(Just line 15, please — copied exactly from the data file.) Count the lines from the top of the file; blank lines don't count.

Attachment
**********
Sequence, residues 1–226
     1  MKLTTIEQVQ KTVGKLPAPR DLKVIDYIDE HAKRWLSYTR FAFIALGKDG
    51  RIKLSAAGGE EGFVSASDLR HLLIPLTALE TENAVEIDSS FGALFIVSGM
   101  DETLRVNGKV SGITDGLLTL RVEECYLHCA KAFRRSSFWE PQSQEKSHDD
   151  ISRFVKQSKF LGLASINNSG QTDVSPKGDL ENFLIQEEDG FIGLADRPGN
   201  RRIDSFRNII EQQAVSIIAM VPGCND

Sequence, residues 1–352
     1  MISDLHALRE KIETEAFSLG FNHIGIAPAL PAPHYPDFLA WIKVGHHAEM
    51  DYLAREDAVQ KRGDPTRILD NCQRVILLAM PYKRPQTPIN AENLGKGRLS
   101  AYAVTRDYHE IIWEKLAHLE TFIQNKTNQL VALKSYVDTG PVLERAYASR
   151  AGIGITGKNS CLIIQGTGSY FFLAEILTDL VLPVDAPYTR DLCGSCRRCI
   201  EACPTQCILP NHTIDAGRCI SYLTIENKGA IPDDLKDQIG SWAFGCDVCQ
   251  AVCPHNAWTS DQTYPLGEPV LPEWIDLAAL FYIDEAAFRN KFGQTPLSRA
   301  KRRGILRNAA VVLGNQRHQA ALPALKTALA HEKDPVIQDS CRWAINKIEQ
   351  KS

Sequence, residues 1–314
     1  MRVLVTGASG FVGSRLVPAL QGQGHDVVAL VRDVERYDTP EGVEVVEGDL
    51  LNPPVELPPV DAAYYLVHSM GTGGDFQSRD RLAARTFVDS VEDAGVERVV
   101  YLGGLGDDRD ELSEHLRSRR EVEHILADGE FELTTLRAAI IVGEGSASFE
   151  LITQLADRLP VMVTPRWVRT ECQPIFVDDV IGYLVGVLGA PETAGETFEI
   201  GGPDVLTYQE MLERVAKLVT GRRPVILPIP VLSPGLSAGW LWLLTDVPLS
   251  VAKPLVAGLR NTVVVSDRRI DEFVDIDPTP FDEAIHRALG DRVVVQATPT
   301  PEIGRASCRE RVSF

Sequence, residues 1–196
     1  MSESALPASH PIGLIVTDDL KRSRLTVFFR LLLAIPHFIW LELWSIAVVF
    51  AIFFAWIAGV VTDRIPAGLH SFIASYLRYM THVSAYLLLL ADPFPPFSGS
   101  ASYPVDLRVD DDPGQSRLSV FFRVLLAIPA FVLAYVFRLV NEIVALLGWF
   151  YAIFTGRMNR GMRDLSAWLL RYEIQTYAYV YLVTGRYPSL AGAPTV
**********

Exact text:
   351  KS